Our marriage is based on our commitment to each other and on our deep friendship and love. But sometimes, for both of us, that’s just not enough. Natural physical attraction is obviously an important aspect of a romantic relationship in the minds of most. A quick reading of The Song of Solomon tells me that the Bible assumes that it is a powerful and present reality in the typical healthy marriage. For me, it is much more natural to experience that with a man. In my marriage, it is usually emotionally intimate situations that lead to physical intimacy. I’m certain the emotional bond with one’s spouse is a more important element than natural physical attraction. But this doesn’t mean that we both don’t sometimes feel the sting of longing for what feels like a missing puzzle piece. Anna decided to marry me because I loved her, was committed to her, and made her feel valued and cherished. But sometimes, she just wishes that she had a husband who had a natural desire for her, who could delight in her femininity the way that Solomon delighted in his bride.

The hurdle isn’t physical attraction alone. Somehow wrapped up in that instinctual attraction, is the way that a (straight) man connects emotionally to a woman. I often find it much easier to relate to Anna as a dear friend than as the object of my romantic affection. This is obviously hard for Anna, but I too, have sometimes grown weary. There have been times when I’ve felt almost a sense of despair when faced with Anna’s emotional needs, while still having a void of my own. I’ve longed for a relationship in which I could give and receive in a way that felt more natural and left me more energized rather than drained. It’s hard to put into words exactly what I mean, but I’ve explained to Anna before that the way I’m inclined to relate romantically to a man isn’t the same as a woman is; it’s like a third thing. It’s something that I suppose only another gay man would understand. It’s the ability for the other person to meet me there that I sometimes miss and long for. The challenges we face in this area have, at times, left Anna and me frustrated and discontent, wishing we were in relationships with different people or even that we weren’t in a relationship at all.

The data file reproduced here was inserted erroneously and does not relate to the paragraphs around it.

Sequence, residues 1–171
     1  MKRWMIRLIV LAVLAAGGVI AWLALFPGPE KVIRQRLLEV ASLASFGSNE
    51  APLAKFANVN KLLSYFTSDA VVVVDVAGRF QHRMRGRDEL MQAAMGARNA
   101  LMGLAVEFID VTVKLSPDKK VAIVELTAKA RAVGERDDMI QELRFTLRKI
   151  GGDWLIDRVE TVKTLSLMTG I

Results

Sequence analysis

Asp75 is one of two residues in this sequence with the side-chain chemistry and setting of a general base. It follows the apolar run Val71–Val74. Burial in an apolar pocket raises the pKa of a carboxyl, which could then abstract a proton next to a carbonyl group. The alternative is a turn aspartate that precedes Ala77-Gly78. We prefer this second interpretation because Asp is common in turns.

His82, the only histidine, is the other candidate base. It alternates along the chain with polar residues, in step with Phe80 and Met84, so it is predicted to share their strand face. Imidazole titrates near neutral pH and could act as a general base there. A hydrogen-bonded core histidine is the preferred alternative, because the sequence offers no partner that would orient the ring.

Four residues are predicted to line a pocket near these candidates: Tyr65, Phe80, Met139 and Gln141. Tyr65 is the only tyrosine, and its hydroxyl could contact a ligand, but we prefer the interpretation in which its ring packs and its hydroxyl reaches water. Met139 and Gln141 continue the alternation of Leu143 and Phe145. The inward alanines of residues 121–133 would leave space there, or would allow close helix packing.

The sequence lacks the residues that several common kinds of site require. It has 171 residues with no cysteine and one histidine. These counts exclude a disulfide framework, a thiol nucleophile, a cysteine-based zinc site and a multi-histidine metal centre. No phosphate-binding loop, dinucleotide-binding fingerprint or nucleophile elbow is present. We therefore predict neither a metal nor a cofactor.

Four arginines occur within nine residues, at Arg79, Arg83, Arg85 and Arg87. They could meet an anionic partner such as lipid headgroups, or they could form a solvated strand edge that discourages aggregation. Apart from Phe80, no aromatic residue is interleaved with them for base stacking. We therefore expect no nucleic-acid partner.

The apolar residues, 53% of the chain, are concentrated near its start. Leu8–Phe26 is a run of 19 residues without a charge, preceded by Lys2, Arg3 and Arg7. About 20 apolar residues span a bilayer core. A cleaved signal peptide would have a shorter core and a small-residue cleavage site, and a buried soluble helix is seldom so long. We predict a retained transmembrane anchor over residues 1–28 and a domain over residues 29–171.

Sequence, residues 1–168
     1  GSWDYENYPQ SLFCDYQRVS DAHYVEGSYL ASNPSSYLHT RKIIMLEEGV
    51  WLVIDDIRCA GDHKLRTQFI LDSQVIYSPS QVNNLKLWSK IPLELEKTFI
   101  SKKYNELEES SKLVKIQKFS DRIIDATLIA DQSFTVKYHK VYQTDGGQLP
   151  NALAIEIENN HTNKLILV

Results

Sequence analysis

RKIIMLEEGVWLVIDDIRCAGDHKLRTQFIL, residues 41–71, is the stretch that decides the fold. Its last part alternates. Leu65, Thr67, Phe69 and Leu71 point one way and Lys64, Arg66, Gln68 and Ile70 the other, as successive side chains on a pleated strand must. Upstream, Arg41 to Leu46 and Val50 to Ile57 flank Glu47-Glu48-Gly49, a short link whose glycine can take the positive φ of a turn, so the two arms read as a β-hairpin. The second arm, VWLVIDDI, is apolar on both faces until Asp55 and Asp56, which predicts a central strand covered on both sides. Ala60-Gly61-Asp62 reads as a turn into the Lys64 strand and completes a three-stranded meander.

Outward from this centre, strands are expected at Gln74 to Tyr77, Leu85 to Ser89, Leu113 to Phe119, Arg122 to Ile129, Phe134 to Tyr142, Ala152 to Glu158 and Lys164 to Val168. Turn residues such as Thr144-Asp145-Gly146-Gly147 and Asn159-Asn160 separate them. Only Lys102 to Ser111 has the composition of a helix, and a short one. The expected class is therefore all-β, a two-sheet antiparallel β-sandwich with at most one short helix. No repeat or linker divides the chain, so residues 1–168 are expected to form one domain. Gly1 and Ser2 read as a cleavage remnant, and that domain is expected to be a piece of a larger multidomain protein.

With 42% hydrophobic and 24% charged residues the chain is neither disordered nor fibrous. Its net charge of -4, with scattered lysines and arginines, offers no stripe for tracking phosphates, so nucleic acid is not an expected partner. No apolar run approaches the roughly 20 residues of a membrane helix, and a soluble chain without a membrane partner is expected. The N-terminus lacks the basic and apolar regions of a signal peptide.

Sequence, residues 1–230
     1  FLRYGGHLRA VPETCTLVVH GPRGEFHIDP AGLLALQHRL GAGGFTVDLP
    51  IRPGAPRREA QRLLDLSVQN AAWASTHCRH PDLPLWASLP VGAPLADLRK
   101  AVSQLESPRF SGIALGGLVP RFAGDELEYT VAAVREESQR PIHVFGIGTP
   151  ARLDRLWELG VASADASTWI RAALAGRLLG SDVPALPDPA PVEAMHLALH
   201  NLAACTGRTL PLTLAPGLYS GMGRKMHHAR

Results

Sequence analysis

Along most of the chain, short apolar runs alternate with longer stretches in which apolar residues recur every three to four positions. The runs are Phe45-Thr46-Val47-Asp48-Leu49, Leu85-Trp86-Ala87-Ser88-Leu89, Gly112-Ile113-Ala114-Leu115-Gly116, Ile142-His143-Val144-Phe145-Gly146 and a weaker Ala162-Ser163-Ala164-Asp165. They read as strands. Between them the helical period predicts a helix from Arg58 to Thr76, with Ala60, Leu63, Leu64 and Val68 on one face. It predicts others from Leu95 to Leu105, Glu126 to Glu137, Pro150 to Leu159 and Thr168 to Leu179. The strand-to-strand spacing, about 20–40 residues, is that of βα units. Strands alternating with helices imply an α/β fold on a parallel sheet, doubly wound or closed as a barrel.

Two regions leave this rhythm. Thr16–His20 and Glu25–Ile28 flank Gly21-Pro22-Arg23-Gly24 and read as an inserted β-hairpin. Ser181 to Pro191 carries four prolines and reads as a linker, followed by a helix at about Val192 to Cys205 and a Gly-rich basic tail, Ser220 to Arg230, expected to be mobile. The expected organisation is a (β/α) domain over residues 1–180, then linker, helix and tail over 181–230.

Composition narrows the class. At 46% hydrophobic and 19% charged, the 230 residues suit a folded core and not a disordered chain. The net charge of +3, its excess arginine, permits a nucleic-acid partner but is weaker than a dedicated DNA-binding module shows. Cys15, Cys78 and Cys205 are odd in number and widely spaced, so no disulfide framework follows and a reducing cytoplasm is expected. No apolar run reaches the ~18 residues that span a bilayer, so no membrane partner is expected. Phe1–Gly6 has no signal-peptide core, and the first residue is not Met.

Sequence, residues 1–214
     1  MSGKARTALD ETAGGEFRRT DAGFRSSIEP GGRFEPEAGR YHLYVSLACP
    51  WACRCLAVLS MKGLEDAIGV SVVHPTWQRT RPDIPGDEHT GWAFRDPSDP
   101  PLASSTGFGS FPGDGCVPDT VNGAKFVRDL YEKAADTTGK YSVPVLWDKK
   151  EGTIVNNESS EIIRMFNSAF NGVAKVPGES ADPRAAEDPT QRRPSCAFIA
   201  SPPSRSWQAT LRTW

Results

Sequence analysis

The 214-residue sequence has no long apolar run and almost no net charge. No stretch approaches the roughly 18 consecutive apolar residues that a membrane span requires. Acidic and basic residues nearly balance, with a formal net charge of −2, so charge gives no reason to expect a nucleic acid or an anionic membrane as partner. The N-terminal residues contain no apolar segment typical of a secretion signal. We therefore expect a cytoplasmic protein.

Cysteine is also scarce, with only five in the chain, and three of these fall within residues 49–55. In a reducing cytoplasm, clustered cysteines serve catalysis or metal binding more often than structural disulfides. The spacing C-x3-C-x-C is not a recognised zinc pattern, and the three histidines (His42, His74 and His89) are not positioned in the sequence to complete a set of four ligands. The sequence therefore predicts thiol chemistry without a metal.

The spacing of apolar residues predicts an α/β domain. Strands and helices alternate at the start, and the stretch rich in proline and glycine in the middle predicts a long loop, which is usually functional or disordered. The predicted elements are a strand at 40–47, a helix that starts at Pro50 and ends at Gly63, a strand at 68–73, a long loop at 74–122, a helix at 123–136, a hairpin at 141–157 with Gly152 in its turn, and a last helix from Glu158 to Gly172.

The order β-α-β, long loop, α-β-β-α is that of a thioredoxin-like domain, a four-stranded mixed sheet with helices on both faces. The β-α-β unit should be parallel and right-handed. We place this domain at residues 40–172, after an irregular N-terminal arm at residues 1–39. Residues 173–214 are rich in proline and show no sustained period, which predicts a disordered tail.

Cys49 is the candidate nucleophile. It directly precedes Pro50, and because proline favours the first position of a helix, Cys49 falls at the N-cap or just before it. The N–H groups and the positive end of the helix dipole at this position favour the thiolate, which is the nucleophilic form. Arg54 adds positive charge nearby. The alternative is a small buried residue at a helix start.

It’s been hard, but we stay because we genuinely do love each other and have made a covenant with each other before God. We do not belong to ourselves; we belong to him, and we belong to each other. Marriage means expectations that I feel utterly incapable of meeting, and living according to biblical principles means the very real loss of something that feels (at least to this 21st century Westerner) essential to a complete, fulfilled life. But following Jesus is always costly, and anyone who doesn’t feel that is probably not really following Jesus. And he calls me to lay down my life for Anna. Jesus laid his down for me, so how can I respond in any other way?

It’s worth mentioning that while the particularities of our situation are somewhat unique, hardship in marriage is a universal experience. Paul tells us as much in 1 Corinthians 7:28. And the call to self denial for the sake of one’s wife is given to every Christian husband (Ephesians 5:25-33). In this way, my marriage with Anna is not all that different from the typical heterosexual marriage.

After sharing some of this, I’m typically challenged by well-meaning Christians with the notion that I’d be better off if I would just drop the “gay” label, that it’s somehow keeping me trapped in an identity crisis. I understand where they are coming from, but I didn’t just start dealing with this yesterday. It’s not a novel idea they’re presenting, this rejection of the g-word. In fact, it’s only within the last year that I’ve comfortably, confidently called myself a gay Christian.

I grew up in and out of church in the Bible Belt, and by the time I was in college, the only narrative I’d ever heard from the church about gay people is that they were going to hell. I knew that they (we) needed to repent, but of what? Of actions? Of thoughts? Of something more intrinsic? Amidst the confusion, it was in college that I first understood the gospel in a saving way: that Jesus had atoned for whatever it was about me that deserved judgment, that he had reconciled me to the Father.

In light of the way the very limited conversation on homosexuality was framed, I eventually felt obligated, pressured perhaps, not to refer to myself as “gay,” and opted for phrases like “same-sex attracted” when discussing the matter. But rejecting the label didn’t negate the reality that it describes. The only psychological effect that it had was negative. I felt disingenuous, like I was mincing words, and that the whole business of dancing around this little three-letter word was rather silly, making it hard for the gay-affirming people in my life to take me seriously—especially those who were gay themselves.